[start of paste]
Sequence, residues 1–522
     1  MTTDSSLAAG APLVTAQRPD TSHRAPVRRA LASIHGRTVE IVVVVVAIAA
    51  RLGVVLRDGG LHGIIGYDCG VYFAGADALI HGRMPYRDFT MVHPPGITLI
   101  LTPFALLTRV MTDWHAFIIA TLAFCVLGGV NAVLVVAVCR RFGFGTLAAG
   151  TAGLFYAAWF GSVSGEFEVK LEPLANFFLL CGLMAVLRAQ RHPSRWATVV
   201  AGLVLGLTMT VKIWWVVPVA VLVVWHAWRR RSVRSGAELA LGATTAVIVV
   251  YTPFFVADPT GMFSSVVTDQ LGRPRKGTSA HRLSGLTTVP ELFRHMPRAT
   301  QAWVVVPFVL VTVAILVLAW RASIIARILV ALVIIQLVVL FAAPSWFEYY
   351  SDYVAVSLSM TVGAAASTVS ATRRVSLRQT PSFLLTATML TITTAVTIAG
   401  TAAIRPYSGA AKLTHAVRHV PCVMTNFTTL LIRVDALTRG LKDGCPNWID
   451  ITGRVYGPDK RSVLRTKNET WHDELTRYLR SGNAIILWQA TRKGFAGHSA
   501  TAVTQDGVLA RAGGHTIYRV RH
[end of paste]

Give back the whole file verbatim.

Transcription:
Sequence, residues 1–522
     1  MTTDSSLAAG APLVTAQRPD TSHRAPVRRA LASIHGRTVE IVVVVVAIAA
    51  RLGVVLRDGG LHGIIGYDCG VYFAGADALI HGRMPYRDFT MVHPPGITLI
   101  LTPFALLTRV MTDWHAFIIA TLAFCVLGGV NAVLVVAVCR RFGFGTLAAG
   151  TAGLFYAAWF GSVSGEFEVK LEPLANFFLL CGLMAVLRAQ RHPSRWATVV
   201  AGLVLGLTMT VKIWWVVPVA VLVVWHAWRR RSVRSGAELA LGATTAVIVV
   251  YTPFFVADPT GMFSSVVTDQ LGRPRKGTSA HRLSGLTTVP ELFRHMPRAT
   301  QAWVVVPFVL VTVAILVLAW RASIIARILV ALVIIQLVVL FAAPSWFEYY
   351  SDYVAVSLSM TVGAAASTVS ATRRVSLRQT PSFLLTATML TITTAVTIAG
   401  TAAIRPYSGA AKLTHAVRHV PCVMTNFTTL LIRVDALTRG LKDGCPNWID
   451  ITGRVYGPDK RSVLRTKNET WHDELTRYLR SGNAIILWQA TRKGFAGHSA
   501  TAVTQDGVLA RAGGHTIYRV RH